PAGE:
Vivendi Cuts Forecasts for Biggest Units as Sales DeclineMarie Mawad
Vivendi SA, Europe’s largest media-to-telecommunications company, cut the full-year forecasts for its two biggest divisions after reporting a decline in second-quarter revenue.
Earnings before interest, taxes, depreciation and amortization at French mobile-phone division SFR will be 2.8 billion euros ($3.7 billion) this year, less than the 2.9 billion euros predicted earlier, Paris-based Vivendi said today in a statement. The company cuts its forecast for earnings from pay-TV provider Canal Plus to 650 million euros from 670 million euros.
Vivendi, trying to refocus its business on media and content, last month announced the $8.2 billion sale of a stake in video-games maker Activision Blizzard Inc. Chairman Jean-Rene Fourtou, having promised to overhaul the company and weighing a split-up of its businesses, is also in exclusive talks to sell its stake in Maroc Telecom SA to Emirates Telecommunications Corp.
“We deem these results disappointing,” Chief Financial Officer Philippe Capron said during an earnings call. “We’ve taken Activision and Maroc Telecom out of the accounting, but they had better performances than the four divisions we are keeping -- that’s weighed on our earnings.”
Vivendi’s total second-quarter sales dropped 0.5 percent to 5.43 billion euros, while net income rose 7.5 percent to 501 million euros. SFR reported an 11 percent drop in quarterly sales, to 2.5 billion euros, while its Ebitda fell 16 percent to 768 million euros.
As a price war started by Iliad SA goes on for a second year, SFR has started talks with Bouygues SA’s phone unit over sharing part of their mobile-phone networks to cover more ground for less. Shrinking phone bills have also prompted SFR to simplify its structure and cut jobs.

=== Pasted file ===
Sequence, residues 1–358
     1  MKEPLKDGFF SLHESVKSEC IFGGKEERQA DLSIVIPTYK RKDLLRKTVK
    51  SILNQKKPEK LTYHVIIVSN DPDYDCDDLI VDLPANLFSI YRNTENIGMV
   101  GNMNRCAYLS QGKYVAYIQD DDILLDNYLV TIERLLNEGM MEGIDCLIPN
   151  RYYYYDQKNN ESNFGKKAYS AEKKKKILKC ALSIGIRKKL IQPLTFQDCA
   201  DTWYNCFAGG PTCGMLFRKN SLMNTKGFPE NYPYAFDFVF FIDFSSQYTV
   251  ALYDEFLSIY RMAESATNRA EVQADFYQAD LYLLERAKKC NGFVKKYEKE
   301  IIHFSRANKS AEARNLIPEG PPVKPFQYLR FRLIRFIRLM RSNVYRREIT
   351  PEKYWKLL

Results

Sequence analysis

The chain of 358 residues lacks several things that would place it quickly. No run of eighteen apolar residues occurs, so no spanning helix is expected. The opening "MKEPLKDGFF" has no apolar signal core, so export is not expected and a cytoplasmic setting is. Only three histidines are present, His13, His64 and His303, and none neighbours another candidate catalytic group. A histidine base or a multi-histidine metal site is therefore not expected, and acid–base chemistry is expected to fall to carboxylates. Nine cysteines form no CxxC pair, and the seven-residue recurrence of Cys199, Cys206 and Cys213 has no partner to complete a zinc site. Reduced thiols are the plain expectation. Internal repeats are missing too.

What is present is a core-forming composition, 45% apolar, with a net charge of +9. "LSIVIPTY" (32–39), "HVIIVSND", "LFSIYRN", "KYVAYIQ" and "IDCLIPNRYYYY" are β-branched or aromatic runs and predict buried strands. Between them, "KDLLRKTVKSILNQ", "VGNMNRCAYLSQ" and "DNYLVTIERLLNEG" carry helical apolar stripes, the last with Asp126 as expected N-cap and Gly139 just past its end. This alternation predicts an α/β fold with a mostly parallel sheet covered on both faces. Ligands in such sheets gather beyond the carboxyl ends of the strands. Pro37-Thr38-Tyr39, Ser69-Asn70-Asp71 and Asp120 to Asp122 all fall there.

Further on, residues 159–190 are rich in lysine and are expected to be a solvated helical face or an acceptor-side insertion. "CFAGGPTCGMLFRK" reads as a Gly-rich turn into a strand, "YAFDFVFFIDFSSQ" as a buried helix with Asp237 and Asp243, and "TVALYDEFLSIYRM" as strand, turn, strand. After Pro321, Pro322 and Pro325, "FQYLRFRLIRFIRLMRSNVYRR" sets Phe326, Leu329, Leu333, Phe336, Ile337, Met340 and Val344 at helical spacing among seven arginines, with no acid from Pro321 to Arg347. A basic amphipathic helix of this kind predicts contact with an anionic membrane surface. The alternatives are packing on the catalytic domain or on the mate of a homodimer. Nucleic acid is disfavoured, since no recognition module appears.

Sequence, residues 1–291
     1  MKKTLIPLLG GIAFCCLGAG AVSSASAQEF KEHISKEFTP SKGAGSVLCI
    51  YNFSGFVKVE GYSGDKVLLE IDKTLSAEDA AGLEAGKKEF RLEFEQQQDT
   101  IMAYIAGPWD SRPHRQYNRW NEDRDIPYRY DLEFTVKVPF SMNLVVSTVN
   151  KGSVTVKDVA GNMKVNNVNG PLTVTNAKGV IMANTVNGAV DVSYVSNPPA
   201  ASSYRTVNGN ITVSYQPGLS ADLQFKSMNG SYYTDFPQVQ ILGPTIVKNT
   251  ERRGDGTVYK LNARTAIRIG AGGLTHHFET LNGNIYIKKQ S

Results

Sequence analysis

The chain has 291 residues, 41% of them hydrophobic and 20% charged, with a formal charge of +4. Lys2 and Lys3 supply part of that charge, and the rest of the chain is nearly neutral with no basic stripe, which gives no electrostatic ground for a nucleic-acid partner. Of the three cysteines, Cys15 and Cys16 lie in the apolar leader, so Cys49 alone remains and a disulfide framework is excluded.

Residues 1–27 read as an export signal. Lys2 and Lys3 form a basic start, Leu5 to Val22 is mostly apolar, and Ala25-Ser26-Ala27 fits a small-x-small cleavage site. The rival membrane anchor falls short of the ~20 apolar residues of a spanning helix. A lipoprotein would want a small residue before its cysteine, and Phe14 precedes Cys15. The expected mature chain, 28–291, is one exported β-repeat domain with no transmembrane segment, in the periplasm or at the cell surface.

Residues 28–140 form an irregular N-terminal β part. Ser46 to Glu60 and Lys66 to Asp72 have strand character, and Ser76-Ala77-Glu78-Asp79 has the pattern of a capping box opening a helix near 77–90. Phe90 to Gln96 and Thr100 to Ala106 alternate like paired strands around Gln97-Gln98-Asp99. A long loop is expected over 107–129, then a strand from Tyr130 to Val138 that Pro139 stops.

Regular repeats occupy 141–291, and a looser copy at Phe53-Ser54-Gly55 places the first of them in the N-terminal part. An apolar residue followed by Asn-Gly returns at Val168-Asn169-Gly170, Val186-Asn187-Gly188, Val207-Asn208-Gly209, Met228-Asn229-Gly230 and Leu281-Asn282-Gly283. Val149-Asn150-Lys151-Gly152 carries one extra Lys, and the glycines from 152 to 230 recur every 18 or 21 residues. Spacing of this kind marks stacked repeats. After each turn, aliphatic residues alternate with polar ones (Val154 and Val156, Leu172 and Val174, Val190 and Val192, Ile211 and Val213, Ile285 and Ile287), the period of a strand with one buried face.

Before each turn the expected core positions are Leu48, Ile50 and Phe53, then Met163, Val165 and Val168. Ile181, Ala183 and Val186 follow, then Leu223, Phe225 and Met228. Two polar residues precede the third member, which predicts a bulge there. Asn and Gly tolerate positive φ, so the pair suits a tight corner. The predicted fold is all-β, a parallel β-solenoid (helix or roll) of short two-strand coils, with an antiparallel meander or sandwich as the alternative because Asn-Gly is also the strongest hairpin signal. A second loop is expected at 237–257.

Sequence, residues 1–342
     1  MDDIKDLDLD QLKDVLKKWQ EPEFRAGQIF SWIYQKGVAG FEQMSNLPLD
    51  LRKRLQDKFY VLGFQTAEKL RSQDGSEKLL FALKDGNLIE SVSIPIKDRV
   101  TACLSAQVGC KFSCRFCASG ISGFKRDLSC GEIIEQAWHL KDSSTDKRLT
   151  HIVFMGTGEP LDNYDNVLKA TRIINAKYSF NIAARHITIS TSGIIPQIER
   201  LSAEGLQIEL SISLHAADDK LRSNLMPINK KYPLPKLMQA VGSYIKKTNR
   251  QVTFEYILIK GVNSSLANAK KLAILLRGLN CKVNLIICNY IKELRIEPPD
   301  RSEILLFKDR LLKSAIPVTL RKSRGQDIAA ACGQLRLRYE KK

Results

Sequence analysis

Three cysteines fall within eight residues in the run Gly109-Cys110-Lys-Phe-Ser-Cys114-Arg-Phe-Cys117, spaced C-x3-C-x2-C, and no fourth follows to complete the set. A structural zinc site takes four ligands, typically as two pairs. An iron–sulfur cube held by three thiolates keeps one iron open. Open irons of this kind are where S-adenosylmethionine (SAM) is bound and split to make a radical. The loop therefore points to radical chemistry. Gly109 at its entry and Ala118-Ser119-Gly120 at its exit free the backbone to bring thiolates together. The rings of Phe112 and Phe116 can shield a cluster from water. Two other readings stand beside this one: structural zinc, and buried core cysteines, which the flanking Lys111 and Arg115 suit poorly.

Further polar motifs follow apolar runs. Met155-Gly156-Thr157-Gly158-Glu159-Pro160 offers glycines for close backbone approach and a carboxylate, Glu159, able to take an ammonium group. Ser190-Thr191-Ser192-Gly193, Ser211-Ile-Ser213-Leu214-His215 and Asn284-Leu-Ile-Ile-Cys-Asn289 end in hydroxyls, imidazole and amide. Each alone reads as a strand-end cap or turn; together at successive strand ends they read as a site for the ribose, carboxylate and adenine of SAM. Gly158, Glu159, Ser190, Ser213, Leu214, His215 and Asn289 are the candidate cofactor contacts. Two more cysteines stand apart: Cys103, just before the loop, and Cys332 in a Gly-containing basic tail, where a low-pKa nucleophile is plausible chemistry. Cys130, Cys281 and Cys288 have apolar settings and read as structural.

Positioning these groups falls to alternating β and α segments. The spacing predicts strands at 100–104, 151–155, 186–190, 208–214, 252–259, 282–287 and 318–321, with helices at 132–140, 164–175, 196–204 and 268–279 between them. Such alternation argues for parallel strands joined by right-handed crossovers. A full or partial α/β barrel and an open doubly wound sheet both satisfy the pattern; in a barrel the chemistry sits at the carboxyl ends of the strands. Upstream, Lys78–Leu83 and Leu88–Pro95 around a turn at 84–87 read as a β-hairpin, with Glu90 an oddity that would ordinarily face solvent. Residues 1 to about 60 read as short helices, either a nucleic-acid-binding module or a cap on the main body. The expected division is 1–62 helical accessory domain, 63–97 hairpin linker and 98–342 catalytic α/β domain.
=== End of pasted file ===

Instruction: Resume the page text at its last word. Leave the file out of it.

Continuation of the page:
SFR is cutting costs faster than planned and is on the right track to turn around its business next year, Capron said today. He predicts full-year results will show cost savings taking hold at SFR as well as an improvement in winning over new clients.
The shares rose 0.7 percent to 15.45 euros at 9:20 a.m. in Paris, bringing this year’s decline to 9 percent. That values the company at 20.7 billion euros.
Vivendi, which is looking to cut back its debt and rebuild the company around Universal Music Group and Canal Plus, has said an IPO is an option for SFR, though business at the unit must first be strengthened.
“We’re not ready to discuss this option yet,” Capron said when asked about an IPO of SFR. “Everything that goes in the direction of a turnaround at SFR gives us more courses of action to go ahead with transforming Vivendi.”
Vivendi has also said it may resume a process to dispose of its Brazilian broadband unit GVT.
Taking into account expected asset disposals including Maroc Telecom and Activision Blizzard, Vivendi’s net debt will drop to 6.5 billion euros from 17.4 billion euros as of June 30, the company said today.